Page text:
WikiLeaks’ Assange to Clinton: ‘Blame yourself’ for election loss

WikiLeaks’ Assange to Clinton: ‘Blame yourself’ for election loss
© Getty Images

WikiLeaks founder Julian Assange told Hillary ClintonHillary Diane Rodham ClintonBiden slams Trump over golf gif hitting Clinton Overnight Cybersecurity: Equifax hit by earlier hack | What to know about Kaspersky controversy | Officials review EU-US privacy pact Overnight Tech: Equifax hit by earlier undisclosed hack | Facebook takes heat over Russian ads | Alt-right Twitter rival may lose domain MORE on Wednesday to blame herself for losing the 2016 presidential election.

Assange sent a tweet Wednesday pushing back on Clinton a day after she blamed the anti-secrecy organization in part for her election loss.

Assange has long been a vocal critic of Clinton, including in 2010 when he called for her to resign as secretary of State after his organization leaked embarrassing diplomatic cables.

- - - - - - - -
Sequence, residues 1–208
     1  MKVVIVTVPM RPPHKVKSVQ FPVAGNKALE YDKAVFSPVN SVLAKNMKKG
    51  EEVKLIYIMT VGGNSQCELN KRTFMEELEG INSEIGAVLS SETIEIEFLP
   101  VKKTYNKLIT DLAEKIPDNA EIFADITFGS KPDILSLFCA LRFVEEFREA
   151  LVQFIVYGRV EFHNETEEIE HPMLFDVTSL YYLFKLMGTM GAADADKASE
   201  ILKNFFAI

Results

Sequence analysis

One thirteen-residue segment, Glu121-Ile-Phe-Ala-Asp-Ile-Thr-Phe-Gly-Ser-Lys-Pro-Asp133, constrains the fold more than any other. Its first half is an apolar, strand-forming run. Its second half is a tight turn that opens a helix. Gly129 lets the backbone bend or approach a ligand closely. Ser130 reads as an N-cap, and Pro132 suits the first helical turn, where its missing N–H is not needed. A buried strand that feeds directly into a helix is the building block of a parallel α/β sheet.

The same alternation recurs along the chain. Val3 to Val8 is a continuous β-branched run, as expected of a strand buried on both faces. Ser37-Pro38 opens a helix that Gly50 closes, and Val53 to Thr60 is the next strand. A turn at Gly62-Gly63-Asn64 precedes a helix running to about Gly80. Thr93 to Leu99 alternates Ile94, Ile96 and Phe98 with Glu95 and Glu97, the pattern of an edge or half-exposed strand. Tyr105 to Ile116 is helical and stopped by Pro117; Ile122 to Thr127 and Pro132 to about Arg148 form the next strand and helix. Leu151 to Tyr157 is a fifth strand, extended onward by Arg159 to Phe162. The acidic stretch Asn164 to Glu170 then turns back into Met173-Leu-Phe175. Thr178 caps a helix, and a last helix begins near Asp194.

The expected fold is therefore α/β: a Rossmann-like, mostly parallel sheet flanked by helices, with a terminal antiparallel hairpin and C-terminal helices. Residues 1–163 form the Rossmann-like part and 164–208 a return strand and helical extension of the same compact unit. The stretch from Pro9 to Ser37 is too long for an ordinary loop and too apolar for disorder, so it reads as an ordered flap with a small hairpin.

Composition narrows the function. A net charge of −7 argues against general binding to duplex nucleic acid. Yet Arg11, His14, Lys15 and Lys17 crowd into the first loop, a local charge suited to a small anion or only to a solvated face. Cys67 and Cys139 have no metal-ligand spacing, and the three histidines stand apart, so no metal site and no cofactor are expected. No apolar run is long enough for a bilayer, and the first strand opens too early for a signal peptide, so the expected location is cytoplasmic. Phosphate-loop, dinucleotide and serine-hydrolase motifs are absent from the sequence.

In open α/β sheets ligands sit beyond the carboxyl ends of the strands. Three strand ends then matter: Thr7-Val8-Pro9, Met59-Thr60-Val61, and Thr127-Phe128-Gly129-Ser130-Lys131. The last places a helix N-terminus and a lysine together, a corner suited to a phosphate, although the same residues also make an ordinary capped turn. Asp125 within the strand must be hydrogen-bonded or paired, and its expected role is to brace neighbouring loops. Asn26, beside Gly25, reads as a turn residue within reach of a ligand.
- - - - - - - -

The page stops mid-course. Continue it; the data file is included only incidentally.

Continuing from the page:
ADVERTISEMENT

Clinton on Tuesday partially blamed WikiLeaks' release of hacked emails from Democratic officials for her loss to President Trump. She also blamed FBI Director James Comey, who announced 11 days before the election that his bureau was looking at new emails linked to Clinton.

“I was on the way to winning until the combination of Jim Comey’s letter on Oct. 28 and Russian WikiLeaks raised doubts in the minds of people who were inclined to vote for me, but got scared off,” Clinton said at a Women for Women International event.

Clinton acknowledged that it was her name on the ballot.

“I was the candidate,” she said. “I was the person who was on the ballot and I am very aware of, you know, the challenges, the problems, the shortfalls that we had.”

Comey sent a letter to Congress last October announcing the discovery of new emails potentially relevant to the bureau's investigation into Clinton's use of a private email server during her time as secretary of State.

Comey on Wednesday dismissed WikiLeaks as an illegitimate news source, calling the website “intelligence porn.”

“It crosses a line when it moves from being about trying to educate a public, and instead just becomes about intelligence porn, frankly, just pushing out information,” Comey said at a Senate hearing. "There’s nothing that even smells journalist about some of this content."